Thursday, September 8, 2011
A Tough Decision
Norah was discharged from the PICU on Friday 9/2, only to be readmitted on Tuesday 9/6 (the ambulance ride wasn't as thrilling as I thought it might be). This is her third stay at the PICU, and fourth hospital stay including those first two weeks after she was born. She continues to struggle with blowing off her CO2 due to her restrictive lung disease. Not only can this cause internal damage, but her body can simply decide to give up on breathing all together.
Today we had a care conference with most of her doctors including the PICU attending physician, pulmonologist, ENT specialist, tracheostomy specialist, geneticist, and a few others. Let me tell you - they're all pretty amazing. They make us feel like part of the team in her decisions and overall care. They're sure we're well informed and comfortable with all decisions that are made as a consensus. We all agreed that something needed to be done to stop the constant in and out of the PICU. Unfortunately, the high-flow oxygen just isn't doing enough for her, and our only option left seems to be a tracheostomy. This was a huge decision for us and for the doctors, as they admittedly don't like doing them unless all other options have been exhausted. Trachs are quite invasive, there are multiple surgical and anesthesia risks (especially for little Norah), and often require a tremendous amount of care at home. Most trachs are put in for neuromuscular problems, though that is not what her issue is. Rather, she needs a stable airway to connect to a vent so she can breathe more effectively at home. Which by the way, is where the first picture was taken... at home, about two weeks ago, where she belongs. It's one of my favorite pictures of her... she's just so beautiful. The second was taken yesterday while she was napping comfortably at the hospital.
So the surgery is quite risky, and it's difficult for me to mentally and emotionally process those risks, let alone type them all out. Her skeletal dysplasia really poses all sorts of unique challenges and special considerations that they'll be assessing as they go. The ball starts rolling tomorrow (Friday) at about 2:30 p.m. mountain time, or possibly a bit earlier. Any extra love you have to give tomorrow would be welcome with open arms, even if it's just a little thoughtful well-wish that everything goes well. Best case scenario will be that there are zero complications & the treatment is effective. Once it's all done, the challenges won't be over. Trachs require around the clock care, so the doctors say we'll need about 10 days of training. The problem though is that Norah is so small, and only weighs around half of the minimum for the home equipment. This will likely mean that she'll spend some time in a special facility until she grows. Who knows how long that will be. Though I have total confidence that we'll be able to learn to care for her, I'd be lying if I said that I wasn't worried about the life changes on the horizon.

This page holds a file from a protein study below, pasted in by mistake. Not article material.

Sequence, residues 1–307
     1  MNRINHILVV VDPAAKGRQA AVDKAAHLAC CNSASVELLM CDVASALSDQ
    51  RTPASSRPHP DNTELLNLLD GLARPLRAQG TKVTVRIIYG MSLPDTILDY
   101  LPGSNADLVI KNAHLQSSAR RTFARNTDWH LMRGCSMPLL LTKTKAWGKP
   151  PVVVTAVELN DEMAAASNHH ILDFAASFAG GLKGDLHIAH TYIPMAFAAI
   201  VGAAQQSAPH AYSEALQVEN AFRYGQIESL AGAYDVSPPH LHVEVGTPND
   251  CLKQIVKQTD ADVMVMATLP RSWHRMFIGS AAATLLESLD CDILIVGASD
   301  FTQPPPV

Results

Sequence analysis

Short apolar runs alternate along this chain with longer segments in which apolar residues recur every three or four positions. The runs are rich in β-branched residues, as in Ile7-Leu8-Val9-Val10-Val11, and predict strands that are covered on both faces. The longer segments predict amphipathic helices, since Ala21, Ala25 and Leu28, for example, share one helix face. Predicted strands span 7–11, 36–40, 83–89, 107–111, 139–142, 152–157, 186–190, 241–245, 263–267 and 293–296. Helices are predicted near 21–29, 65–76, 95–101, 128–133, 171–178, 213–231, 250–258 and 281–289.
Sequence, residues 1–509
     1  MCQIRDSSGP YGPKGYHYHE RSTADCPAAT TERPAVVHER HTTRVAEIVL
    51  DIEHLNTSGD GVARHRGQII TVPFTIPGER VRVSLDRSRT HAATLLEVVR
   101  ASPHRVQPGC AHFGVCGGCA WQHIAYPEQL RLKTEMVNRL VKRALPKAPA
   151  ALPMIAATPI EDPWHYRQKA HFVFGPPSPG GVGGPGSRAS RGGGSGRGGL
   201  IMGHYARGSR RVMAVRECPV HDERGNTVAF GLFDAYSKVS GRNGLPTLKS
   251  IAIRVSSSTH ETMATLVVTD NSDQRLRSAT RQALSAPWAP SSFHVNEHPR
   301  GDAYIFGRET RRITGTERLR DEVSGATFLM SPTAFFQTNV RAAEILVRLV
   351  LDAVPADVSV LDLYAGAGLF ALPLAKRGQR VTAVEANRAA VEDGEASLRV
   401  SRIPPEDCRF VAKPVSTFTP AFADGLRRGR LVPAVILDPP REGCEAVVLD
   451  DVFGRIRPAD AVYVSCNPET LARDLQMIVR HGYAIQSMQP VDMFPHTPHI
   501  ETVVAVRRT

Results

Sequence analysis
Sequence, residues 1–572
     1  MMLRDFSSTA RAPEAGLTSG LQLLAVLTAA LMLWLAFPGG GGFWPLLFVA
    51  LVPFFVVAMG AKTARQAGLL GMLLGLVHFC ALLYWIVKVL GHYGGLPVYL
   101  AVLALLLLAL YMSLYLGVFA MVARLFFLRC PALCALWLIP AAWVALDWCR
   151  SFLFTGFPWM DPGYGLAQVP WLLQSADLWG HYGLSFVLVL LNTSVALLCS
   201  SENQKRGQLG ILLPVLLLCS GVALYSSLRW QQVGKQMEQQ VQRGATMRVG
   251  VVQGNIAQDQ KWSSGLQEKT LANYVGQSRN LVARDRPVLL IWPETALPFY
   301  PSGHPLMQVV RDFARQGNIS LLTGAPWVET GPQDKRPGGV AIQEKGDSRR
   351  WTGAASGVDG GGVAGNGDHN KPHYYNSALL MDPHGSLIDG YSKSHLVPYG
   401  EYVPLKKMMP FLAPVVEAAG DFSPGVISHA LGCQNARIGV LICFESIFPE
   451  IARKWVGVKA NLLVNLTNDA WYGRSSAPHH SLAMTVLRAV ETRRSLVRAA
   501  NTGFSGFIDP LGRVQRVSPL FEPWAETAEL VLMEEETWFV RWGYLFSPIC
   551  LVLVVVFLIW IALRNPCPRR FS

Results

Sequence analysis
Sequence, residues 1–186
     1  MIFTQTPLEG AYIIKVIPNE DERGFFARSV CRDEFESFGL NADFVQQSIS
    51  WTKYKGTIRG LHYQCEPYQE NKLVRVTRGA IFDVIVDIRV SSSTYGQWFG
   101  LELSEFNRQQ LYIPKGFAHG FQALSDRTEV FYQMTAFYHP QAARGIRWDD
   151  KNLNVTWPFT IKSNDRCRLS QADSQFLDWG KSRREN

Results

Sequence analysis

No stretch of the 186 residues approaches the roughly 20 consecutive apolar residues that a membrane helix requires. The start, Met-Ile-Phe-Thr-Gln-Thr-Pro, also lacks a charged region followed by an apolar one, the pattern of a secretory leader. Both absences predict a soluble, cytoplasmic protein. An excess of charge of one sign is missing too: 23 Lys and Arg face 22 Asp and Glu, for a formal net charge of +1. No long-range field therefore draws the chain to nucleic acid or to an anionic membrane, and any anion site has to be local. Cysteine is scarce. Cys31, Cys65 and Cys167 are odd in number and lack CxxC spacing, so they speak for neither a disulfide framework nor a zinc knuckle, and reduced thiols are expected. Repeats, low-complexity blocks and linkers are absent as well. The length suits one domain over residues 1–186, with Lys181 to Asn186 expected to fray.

It's been a tough six weeks since our precious little girl was born. To top it all off, I just had surgery last week. My gallbladder was causing me some serious problems so it had to come out. Great timing, huh? I'm just glad that's all out of the way so my focus (and Jeff's since he wasn't able to stop worrying about me) can be entirely on Norah. I will say that despite all of the challenges and subsequent tears, I am reminded of how much we really do have, and how thankful I am for it all. I'm also reminded of the courage and strength that has spread amongst our little family of four, and how it grows and makes us stronger in numerous ways. Tonight my mom helped me realize that courage isn't about how brave you feel... rather it's about moving forward despite the urge to run in the opposite direction.
A special thanks (in no particular order) to Grandma Carol, Cranma (that's how Harper says it) Claudia, Greg, Emily & Ryan, and Shelly. On multiple occasions, we've been downright saved by these family members that have been able to help with childcare for Harper, and in some cases even come forward with unsolicited cash to help with these frightening hospital bills compounded with Jeff's unpaid time off work. All of this has been more help than I can begin to describe. And of course a huge thank you to all of the rest of you that have sent so much love and offers of assistance our way - it's priceless. Oh and two more thanks: to Harper for wiping mommy's tears away when she was sad tonight & to Jeff for taking such sweet care of his wife. This would be so much more difficult if our marriage and love weren't as amazing as they are.
Wish us all luck tomorrow.